Animal Career Secrets: The Animal Industry & How to Get the Competitive Edge

In this post at Animal Career Secrets readers learn about the differences between the animal fields and how to get the competitive edge. All content copyrighted 2007 by Diana L Guerrero. Some rights reserved.

It was a relief to leave the private animal facility and animal acting world but when I landed at the “Harvard of animal trainers” it didn’t seem much different—except for that I was now accepted into the zoo realm.

Most people think that if you work with animals that you know everyone in the field. They also think that all the different realms of the animal industry are similar—they are not.

As animal trainers we were glorified in some circles but were snubbed in others. Believe it or not, at one time the zoo industry looked down on private animal facilities (and in some circles they still do) even though most zoological parks started as private menageries that evolved into the facilities you see today.

I wrote an animal behavior column for animal professionals for about ten years. When I decided to write about a privately owned primate the wrath of the readership reared up—but no bothered to talk to me about it! In the end I dedicated an entire column to why, as an animal behavior consultant, I would help someone who had a captive exotic animal as a pet.

Also, just because you work with captive wildlife doesn’t mean that you will interface with others. Marine mammal trainers are in their own industry just as the primatologists are.

In the animal training world, the horse people don’t usually interface with the dog world or the cat fancy unless they work for the movie studios. If you take a look into the dog world you will find that service dogs, therapy dogs, search and rescue, agility, obedience, and other specialty trainers don’t all mix either.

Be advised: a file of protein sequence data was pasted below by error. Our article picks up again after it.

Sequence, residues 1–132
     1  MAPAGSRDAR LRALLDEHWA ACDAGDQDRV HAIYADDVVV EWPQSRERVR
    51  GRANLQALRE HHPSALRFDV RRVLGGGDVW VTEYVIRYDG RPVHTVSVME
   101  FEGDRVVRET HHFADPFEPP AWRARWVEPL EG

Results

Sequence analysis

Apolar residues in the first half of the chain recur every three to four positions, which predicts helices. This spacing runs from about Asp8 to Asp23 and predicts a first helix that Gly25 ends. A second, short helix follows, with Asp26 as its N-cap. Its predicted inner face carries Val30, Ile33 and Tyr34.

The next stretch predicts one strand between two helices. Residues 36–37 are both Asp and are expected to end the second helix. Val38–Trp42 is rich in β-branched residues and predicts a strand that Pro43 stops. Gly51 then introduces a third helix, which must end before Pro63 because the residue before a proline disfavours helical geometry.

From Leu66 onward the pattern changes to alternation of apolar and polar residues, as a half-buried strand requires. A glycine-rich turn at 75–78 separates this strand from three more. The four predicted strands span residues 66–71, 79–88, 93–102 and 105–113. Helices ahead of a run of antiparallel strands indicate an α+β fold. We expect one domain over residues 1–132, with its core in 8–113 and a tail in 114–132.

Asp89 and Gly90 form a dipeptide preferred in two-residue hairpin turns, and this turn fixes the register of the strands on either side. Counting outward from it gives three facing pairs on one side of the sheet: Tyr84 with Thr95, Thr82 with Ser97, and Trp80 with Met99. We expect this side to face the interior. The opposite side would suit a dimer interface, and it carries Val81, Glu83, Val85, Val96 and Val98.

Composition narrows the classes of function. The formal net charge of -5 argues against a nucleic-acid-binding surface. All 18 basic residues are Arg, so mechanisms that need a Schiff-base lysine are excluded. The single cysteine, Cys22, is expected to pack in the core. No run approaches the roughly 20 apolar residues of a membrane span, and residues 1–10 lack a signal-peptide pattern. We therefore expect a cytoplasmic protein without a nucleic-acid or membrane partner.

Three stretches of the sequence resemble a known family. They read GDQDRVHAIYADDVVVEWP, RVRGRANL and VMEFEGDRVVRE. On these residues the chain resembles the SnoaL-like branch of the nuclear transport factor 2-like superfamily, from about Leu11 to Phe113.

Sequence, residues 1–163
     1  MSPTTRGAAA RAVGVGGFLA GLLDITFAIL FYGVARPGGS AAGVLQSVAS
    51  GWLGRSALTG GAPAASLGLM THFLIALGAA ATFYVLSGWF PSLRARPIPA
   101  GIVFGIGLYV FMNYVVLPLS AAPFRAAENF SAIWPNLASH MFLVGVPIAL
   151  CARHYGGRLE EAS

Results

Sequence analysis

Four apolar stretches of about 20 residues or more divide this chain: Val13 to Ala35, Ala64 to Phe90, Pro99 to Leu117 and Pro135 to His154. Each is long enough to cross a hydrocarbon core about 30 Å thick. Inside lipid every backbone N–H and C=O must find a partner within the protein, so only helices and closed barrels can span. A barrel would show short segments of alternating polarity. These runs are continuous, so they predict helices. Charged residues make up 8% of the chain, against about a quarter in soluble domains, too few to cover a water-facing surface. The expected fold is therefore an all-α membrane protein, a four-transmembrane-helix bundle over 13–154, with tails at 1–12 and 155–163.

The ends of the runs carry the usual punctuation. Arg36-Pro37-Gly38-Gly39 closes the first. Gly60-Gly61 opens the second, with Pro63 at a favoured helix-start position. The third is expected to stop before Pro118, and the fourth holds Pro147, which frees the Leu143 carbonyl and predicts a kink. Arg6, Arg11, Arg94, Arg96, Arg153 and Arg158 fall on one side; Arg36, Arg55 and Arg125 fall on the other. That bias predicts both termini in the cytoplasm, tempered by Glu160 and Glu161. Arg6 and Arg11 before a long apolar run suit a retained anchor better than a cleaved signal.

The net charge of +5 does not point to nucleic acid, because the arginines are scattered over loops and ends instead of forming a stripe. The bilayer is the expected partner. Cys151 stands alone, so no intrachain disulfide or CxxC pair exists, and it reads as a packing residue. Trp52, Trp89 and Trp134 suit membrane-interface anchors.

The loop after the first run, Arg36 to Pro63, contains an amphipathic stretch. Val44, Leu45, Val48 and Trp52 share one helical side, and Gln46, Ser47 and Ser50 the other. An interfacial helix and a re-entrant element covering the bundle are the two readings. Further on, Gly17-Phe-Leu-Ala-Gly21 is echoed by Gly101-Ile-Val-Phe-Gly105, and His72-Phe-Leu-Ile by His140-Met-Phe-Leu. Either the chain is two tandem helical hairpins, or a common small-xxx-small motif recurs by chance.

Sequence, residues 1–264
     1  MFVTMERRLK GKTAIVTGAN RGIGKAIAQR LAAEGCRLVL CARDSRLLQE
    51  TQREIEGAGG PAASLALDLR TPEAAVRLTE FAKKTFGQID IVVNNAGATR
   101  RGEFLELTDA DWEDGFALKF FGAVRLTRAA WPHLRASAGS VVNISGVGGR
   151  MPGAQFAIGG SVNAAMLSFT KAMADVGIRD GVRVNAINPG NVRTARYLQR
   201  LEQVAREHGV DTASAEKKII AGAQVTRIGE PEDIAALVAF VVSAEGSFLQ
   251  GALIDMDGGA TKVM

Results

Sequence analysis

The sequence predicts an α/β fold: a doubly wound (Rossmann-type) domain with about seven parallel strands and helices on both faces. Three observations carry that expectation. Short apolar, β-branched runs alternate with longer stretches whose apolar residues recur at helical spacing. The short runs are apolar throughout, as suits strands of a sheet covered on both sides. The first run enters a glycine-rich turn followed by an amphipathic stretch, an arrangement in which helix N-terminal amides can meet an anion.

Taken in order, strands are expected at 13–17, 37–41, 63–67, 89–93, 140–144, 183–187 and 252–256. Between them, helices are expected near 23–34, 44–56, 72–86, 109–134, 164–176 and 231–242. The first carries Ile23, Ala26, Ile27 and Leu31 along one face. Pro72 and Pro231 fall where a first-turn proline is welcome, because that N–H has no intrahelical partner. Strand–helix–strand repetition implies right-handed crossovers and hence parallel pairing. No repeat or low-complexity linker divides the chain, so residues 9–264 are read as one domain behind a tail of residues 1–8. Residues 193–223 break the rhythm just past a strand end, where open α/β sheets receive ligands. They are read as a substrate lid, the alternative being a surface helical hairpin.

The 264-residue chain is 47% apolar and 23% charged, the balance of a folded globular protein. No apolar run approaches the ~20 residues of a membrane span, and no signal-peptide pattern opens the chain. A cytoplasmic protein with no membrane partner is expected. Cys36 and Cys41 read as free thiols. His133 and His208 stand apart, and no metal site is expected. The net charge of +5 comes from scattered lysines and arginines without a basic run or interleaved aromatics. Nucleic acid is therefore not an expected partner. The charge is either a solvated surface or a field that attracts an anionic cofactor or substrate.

So, you see things can get really confusing which is why I wanted you to answer some of those questions in my earlier posts. The important point is that there really is not a blanket “animal industry” of one size fits all.

Ultimately, my decision to go to college for animal training and behavior management was a good one. The academic training and rigorous demands of the program came with a gold seal of approval.

At the time I beat out 1300 applicants for my spot and once in the elite group was able to meet and interact with industry professionals from around the world. The seal of approval allowed me to enter the gates of zoos, oceanariums, and other animal facilities as a colleague—and I was treated as an up and coming professional.

But that was not all; I worked my tush off and began networking so I would become known to industry leaders. It worked pretty well—but it was not really intentional—I was passionate about my career and very driven to make it a reality.

So, my point here is that although I have stressed that an apprenticeship program is really vital to becoming a good animal person, you also should get some academic training under your belt, too. The collegiate experience will give you tools and understanding that will take you beyond what the visceral experience gets you.

Basically, you get the competitive edge.

Diana L Guerrero is an animal career specialist and has extensive experience in many areas of the animal world. A well known animal expert, she has worked professionally with animals for over thirty years. Guerrero is the author of several books and the host of the syndicated, Ark Animal Answers.

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